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Golikov Nikolay Ivanovich (1924 - ...)  Click to play

Born in 1924 in the village of Palekh, Nikolai continued the family occupational tradition of painting. Born to Ivan Golikov, the founder and director of the Artel of Ancient Painting in Palekh, Nikolai Golikov studied lacquer art at the Palekh Art School and from 1950 to 1954. It was there that he studied under I.P. Vakurov, N.M. Pailov and N.M. Zinovyev. He worked at the Palekh Art Works from 1954 to 1989. In addition, he began teaching at the Palekh Art School in 1976. He does mural, porcelain and theatrical scene painting as well as lacquer ware. In combined efforts with I.I. Zubkova, he produced the animated cartoon, "Dobrynya Nikitich" (1965). N. Golikov has also received several rewards during his career, such as the Merited artist of the Russian Federation (1967), the Peoples artist of the Russian Federation (1974), and the Order of Red Banner Labor award.

N. Golikov prefers to paint themes inspired from folklore literature, contemporary subjects, and genre scenes. Titles of his best known work include, "Ilya Muromets", "The Hay Makers", "Prince Igor", "The Gathering of Mushrooms", "Song of Merchant Kalashnikov", "Ruslan and Ludmila", "Troika". Such works have been exhibited since 1955. Works by N. Golikov can currently be seen in the State Museum of Palekh Art in Moscow and in St. Petersburgh, Museum of Folk Art, Ivanovo Regional Art Museum, the State Russian Museum, Tver Regional Art Gallery, Pereyaslave-Zalessky Historic and Art Museum, State Museum of Ethnography of Peoples of Russia, Krasnodar Territorial Art Museum, Vyatka Regional Art Museum, State Museum of Art of Kazakhstan.

Reference: Palekh: History and Modern Time by Ludmila Pirogova.

Palekh Miniature by Nekrasova.

Recollections of the famous Palekh artists P. Solonin and A. Rogov about N. Golikov:

"Alongside others, Pavel Bazhenov stood mourning by the coffin of I. Golikov. His hands reached out of their own accord for a pencil and a notebook. Bazhenov wanted to make a sketch of his teacher's face which quite recently had reflected so vividly and sincerely the stormy movement of his passionate soul... Suddenly Pavel noticed he was not alone. Golikov's thirteen-year-old son Nikolka was drawing, too, barely managing to fight back his tears. "I looked at his sketch and thought: 'Is a successor to Ivan Ivanovich being born before my very eyes in this sorrowful hour?' and I whispered to him in encouragement: 'You have done it better than me'. It took some time, but in the end Pavel Bazhenov's prediction came true."
--P. Solonin

"Nikolay Ivanovich resembles his father in his habit of humming while he works and in his ability to get impassioned in heated debates. He gets so worked up defending his ideas about art that he almost has a heart attack. In other situations he is reserved, tenderhearted and often silent, with a smile on his lips... He finds a new solution for every new work... He has several versions of "Blacksmiths" where the color of the fire is so brilliantly red that it seems you would get burnt if you touched it."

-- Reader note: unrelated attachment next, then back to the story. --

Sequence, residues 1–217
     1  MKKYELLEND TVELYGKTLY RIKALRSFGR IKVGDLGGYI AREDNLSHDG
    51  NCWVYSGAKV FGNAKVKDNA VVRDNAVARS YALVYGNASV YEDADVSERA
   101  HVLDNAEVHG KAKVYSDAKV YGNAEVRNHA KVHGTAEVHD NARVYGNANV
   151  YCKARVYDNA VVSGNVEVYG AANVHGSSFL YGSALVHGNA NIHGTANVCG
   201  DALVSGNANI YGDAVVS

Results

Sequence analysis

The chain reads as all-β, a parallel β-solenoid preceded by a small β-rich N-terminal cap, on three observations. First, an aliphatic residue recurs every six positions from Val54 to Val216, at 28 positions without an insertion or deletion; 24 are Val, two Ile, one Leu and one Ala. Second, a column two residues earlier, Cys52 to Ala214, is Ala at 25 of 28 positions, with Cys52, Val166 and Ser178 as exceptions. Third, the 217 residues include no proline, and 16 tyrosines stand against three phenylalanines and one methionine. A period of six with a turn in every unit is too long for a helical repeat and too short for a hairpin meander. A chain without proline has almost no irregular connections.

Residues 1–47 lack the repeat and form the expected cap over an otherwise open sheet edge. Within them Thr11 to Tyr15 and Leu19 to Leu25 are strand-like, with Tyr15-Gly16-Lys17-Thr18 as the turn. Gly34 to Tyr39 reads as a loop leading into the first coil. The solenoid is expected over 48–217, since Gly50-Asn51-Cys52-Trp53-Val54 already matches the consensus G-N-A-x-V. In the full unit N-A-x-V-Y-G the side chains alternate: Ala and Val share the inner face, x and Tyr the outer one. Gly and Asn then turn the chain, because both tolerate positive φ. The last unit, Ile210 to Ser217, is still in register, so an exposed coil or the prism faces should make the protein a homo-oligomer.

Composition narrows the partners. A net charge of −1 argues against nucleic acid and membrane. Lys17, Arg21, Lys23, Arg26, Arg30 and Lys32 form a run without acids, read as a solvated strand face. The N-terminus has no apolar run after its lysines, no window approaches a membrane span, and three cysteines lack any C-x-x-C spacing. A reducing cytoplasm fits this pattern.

--A. Rogov

"... He takes a copy of his father's "Red Ploughman" from the shelf, looks at it and comments: 'Everything in this is symbolic. Father applied colors spots not only for beauty's sake; he also wanted the contents of the picture to be expressed more intensely, to make the color a feature in itself... That's why I never cease to learn from him."
--P. Solonin

The information is taken from the book by Shchanitsyn V.A., 1994, PALEKH and Palekhians, Shchanitsyn V.A., MOSCOW, ISBN 5-7164-004-3

Information on this artist and his works you can find in these books:

I. Pirogova L., 1994, PALEKH HISTORY AND MODERN TIME, ISKUSSTVO, ROSKNIGA, Moscow, ISBN 5-210-01301-4:
N. Golikov’s biography: pages 181, 193.

N. Golikov’s biography: page 303.

III. Bratchikova Ye. K., 1996, MINIATURISTS OF PALEKH. NAME REFERENCE, RUSSLIT, Moscow, ISBN 5-7739-0001-7, ISBN 5-86508-035-0:
N. Golikov’s biography: page 39.
IV. Maxym L., 1997, RUSSIAN LACQUER LEGENDS AND FAIRY TALES, Corners of the World Inc., volume I:
N. Golikov’s name is mentioned in Lucy Maxym's book, at page 79.

V. Shchanitsyn Vadim, 1994, PALEKH AND PALEKHIANS, Moscow:
N. Golikov’s biography and recollections of Palekh artists about him: page 21.

1. Plate “Mower” (1978, property of the artist), # 165.
2. Box “Epic tale” (1991, property of the artist), # 170.
3. Box “Tale of the fisherman and the fish” (1985, property of the artist), # 171.
4. Box “On the river” (1978, Museum of Palekh Art), # 172.

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